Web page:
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A Feminist Fight Over First Lady’s Appearance at Seven Sisters School

April 25, 1990

WELLESLEY, Mass. (AP) _ Some Wellesley College students have inadvertently hit a feminist sore spot by protesting Barbara Bush’s selection as commencement speaker.

The students gained headlines by circulating a petition saying ″to honor Barbara Bush as a commencement speaker is to honor a woman who has gained recognition through the achievements of her husband, which contradicts what we have been taught over our years at Wellesley.″

The petition was signed by 150 of the 2,200 students at the elite women’s school.

But defense of the first lady percolated slowly and then poured forth, even from some of the most liberal corners of the Boston area.

″What seems to have happened here is that the feminist standards of the ’90s are being applied to a woman who matured in another era,″ wrote Boston Globe columnist David Nyhan, who is no Bush fan. ″Barbara Bush is a woman of exemplary values, vast charm and unrivaled popularity, to list those traits in descending order.″

The flap has stirred the tranquil college campus, nestled in a corner of this posh Boston suburb, where the cost of tuition, room and board runs to about $18,000 a year.

Students involved with the petition have become a little publicity shy in the wake of the criticism, according to the senior class dean.

In another Globe article, Suzanne Gordon, a freelance writer and feminist who has a book due out in January called ″Prisoner of Men’s Dreams,″ laid out her argument against the students.

Gordon wrote that the petition ″made me mad enough, even as a long-time feminist, to speak out against what has become an increasingly popular rendition of feminist thinking.″

″What the Wellesley protesters have inadvertently revealed is how much the original goals of the women’s movement have been distorted by the male-clone careerism of today’s ‘dress for success’ feminists,″ she said.

Susie Cardenas, a senior who helped push the petition, did not return several messages to her dorm telephone.

Lorraine Garnett Ward, dean for the 600-member Class of 1990, defended the petitioners, although she pointed out they do not represent a majority of senior class.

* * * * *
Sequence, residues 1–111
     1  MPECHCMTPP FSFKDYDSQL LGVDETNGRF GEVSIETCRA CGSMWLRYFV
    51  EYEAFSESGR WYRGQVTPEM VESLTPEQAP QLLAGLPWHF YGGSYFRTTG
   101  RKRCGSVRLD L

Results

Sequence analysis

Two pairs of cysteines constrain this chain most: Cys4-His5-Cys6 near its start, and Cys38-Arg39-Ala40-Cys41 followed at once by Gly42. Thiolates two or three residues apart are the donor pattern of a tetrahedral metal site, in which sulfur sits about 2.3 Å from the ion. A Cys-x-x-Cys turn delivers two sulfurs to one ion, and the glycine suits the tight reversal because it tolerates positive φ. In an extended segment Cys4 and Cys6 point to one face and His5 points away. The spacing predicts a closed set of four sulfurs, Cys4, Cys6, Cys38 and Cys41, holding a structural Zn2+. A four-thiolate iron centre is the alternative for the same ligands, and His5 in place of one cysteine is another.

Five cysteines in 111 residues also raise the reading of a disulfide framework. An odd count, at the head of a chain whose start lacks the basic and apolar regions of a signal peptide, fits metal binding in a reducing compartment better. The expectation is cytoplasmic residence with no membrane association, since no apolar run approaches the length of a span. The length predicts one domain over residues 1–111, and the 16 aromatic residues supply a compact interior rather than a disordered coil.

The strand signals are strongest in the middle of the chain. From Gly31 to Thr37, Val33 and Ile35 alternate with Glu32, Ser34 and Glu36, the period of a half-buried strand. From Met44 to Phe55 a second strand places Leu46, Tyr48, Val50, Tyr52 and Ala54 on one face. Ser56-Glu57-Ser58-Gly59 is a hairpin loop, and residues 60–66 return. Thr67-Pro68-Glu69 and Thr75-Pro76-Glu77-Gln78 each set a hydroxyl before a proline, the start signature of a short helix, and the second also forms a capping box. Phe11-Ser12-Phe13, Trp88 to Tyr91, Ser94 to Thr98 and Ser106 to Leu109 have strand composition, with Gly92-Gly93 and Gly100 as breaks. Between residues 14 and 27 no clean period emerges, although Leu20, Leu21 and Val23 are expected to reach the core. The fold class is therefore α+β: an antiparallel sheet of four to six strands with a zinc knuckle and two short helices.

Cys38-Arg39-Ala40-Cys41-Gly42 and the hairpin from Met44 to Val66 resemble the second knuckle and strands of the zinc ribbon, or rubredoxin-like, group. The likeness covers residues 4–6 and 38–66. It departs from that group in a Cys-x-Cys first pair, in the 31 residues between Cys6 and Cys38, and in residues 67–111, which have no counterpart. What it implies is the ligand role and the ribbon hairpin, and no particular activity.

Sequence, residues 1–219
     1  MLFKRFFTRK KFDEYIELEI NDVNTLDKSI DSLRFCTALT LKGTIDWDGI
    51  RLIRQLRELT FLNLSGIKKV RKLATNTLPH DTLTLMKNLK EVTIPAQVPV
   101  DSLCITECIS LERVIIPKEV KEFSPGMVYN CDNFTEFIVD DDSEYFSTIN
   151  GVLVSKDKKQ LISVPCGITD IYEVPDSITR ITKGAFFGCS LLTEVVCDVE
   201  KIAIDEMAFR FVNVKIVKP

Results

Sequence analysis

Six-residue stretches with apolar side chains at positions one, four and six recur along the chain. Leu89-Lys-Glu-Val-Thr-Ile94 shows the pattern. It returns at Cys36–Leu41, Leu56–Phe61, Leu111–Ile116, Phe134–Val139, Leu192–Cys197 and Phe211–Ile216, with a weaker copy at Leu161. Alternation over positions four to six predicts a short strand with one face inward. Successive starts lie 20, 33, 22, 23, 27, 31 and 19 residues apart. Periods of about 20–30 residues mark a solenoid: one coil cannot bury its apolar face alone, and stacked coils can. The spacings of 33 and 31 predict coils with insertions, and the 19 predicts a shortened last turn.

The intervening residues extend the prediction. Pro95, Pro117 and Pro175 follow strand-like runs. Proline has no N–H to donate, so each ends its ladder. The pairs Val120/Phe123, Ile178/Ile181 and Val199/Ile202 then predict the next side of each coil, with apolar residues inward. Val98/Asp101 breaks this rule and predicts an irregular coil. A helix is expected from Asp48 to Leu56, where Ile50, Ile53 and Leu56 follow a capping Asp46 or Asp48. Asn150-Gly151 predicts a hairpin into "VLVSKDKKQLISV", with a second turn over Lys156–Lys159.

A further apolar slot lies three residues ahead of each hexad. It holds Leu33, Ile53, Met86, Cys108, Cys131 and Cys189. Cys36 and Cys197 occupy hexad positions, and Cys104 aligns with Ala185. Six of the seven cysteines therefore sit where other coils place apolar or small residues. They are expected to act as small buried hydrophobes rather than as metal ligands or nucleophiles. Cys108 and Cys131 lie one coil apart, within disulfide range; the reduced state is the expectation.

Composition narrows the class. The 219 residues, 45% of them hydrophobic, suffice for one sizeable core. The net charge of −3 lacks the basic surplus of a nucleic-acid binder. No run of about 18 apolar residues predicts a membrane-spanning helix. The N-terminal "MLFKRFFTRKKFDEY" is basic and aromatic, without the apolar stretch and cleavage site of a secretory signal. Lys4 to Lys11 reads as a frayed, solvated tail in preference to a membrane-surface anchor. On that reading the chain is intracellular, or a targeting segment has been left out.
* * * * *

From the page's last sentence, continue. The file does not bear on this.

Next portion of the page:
″Wellesley College students are extremely thoughtful people who are not at all whiney,″ Ward said. ″I think this is a college which encourages young women to think - and think aloud.″

Feminist author Betty Friedan said she had no problem with the choices Mrs. Bush made in her life, but added the first lady should use her influence to help other women.

″The choice to marry and the opportunity to exert influence as first lady is to be envied, but it is also to be used,″ said Friedan, who teaches at the University of Southern California. ″What I would do is say, ‘We challenge you to take a leading role in demanding that this nation take a leading role on child care.’ ″

A spokeswoman for Eleanor Smeal, former president of the National Organization for Women, who now heads the Virginia-based group The Feminist Majority, treaded a careful line when talking about Mrs. Bush.

″Our impression is that if for instance it was an Eleanor Roosevelt, who was someone who really used her role to improve the status of women, this probably wouldn’t be happening,″ said Tamar Raphael, after speaking with Smeal. ″We know Barbara Bush is really for women’s rights, but she really hasn’t used her position yet to do that.″

Several students said the timing of the protest made them uneasy.

″I’m primarily a little embarrassed just because I feel we invited her and it’s a slap in the face,″ said Erica Herz, a senior. ″There are a lot of people who are happy she’s coming.″

Marcy Goldstein, a junior, said, ″It would be wonderful to have such a well-known person on campus.″ Mrs. Bush still plans to attend the June 1 graduation ceremonies, according to her press office.

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